Professional Development

During November 2009...

Hosting online meetings using DimDim

Tuesday, November 24, 2009 5:32 pm

A few weeks ago I was contacted by one of our colleagues at UNC asking for a meeting about DigitalForsyth. We wanted to be able to show them how the web-interface worked but nobody wanted to do the travelling so we decided to try DimDim ( a quasi-free web-meeting application.

DimDim supports one host and up to 20 participants in the free version. It supports website and desktop sharing, voice and video over tcp/ip, and a few other moderator tools.

There are some other tools that you can use for person-to-person video sharing (such as google talk or skype) but dimDim did a great job sharing our desktop out & helping with other presentation features.

Fundraising for Preservation

Saturday, November 14, 2009 12:29 pm

NCPC Annual Conference Fundraising for Preservation
Nov. 13, 2009 Friday Center Chapel Hill, NC

As NCPC President, I had the pleasure of welcoming 50 attendees and talking about NCPC projects and grants in the past year. NCPC gave over $6,000 in grants last year, two of which were to institutions in Forsyth County (WFU Museum of Anthropology and Forsyth Co. Public Library). I was also able to meet two colleagues from the WFU Anthropology Museum who attended the conference .

Diane Vogt-O'Connor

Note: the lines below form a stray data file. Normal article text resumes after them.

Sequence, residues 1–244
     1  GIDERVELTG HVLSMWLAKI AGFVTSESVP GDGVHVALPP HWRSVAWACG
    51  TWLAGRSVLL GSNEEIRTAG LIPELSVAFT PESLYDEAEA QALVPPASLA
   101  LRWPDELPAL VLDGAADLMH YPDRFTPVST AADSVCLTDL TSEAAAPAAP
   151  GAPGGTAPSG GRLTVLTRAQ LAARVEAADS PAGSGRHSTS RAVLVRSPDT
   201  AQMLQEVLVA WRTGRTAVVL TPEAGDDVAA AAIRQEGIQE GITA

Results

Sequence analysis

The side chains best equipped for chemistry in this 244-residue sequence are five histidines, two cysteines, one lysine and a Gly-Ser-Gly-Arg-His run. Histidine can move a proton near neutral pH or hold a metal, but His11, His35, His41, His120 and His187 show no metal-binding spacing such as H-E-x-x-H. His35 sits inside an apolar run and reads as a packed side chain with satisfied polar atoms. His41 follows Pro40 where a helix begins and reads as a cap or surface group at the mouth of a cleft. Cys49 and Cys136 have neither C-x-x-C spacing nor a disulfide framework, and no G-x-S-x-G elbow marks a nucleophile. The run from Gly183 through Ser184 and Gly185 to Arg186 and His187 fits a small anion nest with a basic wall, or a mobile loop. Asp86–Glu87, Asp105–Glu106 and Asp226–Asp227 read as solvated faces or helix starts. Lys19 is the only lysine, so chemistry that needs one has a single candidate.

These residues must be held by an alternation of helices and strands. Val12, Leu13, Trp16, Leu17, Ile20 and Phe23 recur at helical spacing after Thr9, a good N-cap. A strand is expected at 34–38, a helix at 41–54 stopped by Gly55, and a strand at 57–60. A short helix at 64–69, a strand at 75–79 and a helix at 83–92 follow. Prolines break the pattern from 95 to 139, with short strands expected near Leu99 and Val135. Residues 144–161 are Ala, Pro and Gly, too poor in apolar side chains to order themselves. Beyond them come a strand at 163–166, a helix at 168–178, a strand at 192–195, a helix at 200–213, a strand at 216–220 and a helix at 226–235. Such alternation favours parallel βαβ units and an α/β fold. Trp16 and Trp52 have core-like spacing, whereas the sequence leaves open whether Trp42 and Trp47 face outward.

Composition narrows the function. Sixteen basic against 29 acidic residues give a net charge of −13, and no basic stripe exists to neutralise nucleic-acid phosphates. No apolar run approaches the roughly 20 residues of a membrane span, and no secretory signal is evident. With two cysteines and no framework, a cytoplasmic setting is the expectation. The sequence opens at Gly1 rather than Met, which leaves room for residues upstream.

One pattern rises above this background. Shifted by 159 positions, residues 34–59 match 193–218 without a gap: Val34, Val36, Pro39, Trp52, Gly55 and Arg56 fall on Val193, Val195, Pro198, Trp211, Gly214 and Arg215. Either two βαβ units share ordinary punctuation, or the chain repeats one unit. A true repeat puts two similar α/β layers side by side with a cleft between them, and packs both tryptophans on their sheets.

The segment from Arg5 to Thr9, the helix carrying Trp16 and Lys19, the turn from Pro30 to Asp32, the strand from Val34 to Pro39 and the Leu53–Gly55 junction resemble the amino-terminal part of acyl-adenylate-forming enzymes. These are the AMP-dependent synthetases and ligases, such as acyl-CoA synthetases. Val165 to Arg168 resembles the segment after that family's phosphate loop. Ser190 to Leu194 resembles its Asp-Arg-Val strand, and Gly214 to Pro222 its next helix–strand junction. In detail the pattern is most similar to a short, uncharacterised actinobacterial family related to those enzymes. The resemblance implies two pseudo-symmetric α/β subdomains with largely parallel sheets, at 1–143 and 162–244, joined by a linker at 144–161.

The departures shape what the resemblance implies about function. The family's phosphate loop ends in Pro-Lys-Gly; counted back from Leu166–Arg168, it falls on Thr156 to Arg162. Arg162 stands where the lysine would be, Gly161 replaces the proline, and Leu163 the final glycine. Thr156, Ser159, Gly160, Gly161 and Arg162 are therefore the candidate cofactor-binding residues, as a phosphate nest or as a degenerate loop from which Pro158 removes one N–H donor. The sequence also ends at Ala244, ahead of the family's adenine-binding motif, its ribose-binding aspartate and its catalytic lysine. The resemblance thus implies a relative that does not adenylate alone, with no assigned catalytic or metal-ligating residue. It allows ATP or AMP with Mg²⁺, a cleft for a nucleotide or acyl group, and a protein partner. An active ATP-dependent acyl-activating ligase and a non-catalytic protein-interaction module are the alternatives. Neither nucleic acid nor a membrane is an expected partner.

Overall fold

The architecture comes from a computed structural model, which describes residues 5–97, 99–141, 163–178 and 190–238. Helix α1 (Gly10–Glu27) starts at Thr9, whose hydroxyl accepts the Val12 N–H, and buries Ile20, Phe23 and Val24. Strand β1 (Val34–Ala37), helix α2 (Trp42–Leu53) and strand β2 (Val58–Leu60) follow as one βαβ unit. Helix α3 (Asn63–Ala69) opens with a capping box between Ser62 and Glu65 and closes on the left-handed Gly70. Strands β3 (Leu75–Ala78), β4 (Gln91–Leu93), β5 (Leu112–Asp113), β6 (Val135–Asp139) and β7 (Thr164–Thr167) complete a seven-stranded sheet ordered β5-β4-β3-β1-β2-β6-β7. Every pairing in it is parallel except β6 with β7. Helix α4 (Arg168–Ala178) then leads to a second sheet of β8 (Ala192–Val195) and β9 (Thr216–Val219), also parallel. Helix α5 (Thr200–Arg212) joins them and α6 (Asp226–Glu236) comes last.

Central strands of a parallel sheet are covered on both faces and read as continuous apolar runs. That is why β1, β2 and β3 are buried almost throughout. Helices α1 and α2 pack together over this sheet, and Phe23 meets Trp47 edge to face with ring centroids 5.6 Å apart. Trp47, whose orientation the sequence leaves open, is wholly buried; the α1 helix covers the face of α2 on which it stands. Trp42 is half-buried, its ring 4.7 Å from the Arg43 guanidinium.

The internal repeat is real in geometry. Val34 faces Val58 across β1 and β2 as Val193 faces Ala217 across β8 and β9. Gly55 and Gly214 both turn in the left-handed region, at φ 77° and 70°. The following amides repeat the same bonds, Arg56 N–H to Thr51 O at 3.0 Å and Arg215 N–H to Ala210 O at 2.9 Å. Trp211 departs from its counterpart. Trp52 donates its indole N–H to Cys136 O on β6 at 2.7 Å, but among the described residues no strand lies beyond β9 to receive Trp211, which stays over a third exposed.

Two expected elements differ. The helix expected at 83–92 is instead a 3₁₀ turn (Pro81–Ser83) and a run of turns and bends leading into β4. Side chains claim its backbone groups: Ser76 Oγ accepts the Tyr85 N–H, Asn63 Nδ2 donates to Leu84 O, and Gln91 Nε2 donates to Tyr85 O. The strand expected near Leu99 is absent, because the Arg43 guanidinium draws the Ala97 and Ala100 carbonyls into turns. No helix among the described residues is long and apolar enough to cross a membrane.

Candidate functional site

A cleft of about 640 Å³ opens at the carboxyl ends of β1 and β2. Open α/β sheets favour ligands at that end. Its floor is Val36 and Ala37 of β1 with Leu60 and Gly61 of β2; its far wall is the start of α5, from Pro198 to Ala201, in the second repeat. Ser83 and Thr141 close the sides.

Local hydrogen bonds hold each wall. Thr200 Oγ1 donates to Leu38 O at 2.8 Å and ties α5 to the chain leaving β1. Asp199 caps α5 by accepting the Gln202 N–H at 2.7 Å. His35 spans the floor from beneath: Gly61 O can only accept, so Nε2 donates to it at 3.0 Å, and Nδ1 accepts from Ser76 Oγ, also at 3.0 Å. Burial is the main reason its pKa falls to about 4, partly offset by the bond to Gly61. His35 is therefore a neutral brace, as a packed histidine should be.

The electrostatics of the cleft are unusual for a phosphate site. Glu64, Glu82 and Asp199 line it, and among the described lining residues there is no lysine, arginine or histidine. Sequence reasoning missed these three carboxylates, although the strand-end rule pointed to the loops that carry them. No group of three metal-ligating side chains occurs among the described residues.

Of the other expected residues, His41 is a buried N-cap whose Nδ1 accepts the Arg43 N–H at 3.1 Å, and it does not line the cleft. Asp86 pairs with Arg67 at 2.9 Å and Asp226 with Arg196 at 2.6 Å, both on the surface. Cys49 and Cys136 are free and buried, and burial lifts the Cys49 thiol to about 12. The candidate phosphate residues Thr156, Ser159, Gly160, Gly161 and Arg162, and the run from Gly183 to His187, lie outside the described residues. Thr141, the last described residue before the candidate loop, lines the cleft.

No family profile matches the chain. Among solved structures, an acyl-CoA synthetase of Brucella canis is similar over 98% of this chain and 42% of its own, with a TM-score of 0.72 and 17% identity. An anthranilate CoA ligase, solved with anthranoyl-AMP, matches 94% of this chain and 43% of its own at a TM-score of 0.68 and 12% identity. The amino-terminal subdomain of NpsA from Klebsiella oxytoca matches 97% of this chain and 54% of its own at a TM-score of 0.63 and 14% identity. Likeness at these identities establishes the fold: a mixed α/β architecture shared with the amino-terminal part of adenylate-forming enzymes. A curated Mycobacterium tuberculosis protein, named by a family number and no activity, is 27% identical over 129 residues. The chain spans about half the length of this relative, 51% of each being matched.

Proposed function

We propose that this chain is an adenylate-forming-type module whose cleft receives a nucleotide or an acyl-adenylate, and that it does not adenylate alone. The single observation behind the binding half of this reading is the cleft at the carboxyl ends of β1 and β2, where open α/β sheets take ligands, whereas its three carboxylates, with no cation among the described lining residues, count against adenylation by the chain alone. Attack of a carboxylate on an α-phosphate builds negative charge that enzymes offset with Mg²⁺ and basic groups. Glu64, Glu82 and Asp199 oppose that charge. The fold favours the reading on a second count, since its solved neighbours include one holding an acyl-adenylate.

The first speaker (who once worked at Wayne State) was:
Diane Vogt O’Connor- Chief of Conservation, Library of Congress
“Finding Funds to Conserve and Preserve your Collections:
Diane has written over 25 successful grants in her career.
Her key points were:
• Everyone needs money these days
• Start by getting permission from your organization
• Identify and sell the CONCEPT(who it affects) not the BRAND (how you will do the work)
• Tell your grant funder what will happen if the project isn’t funded-you are answering the question-why bother with this project?
• Research where the easy money in your community is. Look for groups that share your interests and concerns, and look for what they have funded in the past
• Network and make contacts, so they know who you are and what you do…schmooze
• Know what’s hot and what’s not-select projects that are trendy, new technologies
• Pre-plan your project completely
• Avoid the obvious sources of funding and look at foundations nationally and locally
• NC grant sources- Duke Endowment, Foundation for the Carolinas, Janirve Foundation, Lowes Foundation
• Become a grant reviewer to learn what grant funders are looking for
• She recommended this book-Foundation Grants for Preservation in Libraries, Archives and Museums-Library of Congress, Foundation Center(2009) ISBN 978-1-59542-210-1
• A good application includes:
• Strong statement of who the project audience and stakeholders are
• A clear explanation of why the project is necessary